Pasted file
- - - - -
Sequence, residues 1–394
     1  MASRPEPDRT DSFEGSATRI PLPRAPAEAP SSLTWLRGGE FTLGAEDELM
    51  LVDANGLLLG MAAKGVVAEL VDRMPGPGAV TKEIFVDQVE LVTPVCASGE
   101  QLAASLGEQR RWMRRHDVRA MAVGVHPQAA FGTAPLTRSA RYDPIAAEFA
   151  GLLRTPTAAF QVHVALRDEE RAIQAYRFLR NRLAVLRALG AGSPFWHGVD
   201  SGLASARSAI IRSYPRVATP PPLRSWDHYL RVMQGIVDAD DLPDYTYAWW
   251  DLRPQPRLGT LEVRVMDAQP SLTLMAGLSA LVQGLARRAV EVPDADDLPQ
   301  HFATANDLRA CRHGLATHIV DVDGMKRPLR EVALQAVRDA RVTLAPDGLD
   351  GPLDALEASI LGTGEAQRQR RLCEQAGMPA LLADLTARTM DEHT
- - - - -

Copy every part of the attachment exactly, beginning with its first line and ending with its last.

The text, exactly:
Sequence, residues 1–394
     1  MASRPEPDRT DSFEGSATRI PLPRAPAEAP SSLTWLRGGE FTLGAEDELM
    51  LVDANGLLLG MAAKGVVAEL VDRMPGPGAV TKEIFVDQVE LVTPVCASGE
   101  QLAASLGEQR RWMRRHDVRA MAVGVHPQAA FGTAPLTRSA RYDPIAAEFA
   151  GLLRTPTAAF QVHVALRDEE RAIQAYRFLR NRLAVLRALG AGSPFWHGVD
   201  SGLASARSAI IRSYPRVATP PPLRSWDHYL RVMQGIVDAD DLPDYTYAWW
   251  DLRPQPRLGT LEVRVMDAQP SLTLMAGLSA LVQGLARRAV EVPDADDLPQ
   301  HFATANDLRA CRHGLATHIV DVDGMKRPLR EVALQAVRDA RVTLAPDGLD
   351  GPLDALEASI LGTGEAQRQR RLCEQAGMPA LLADLTARTM DEHT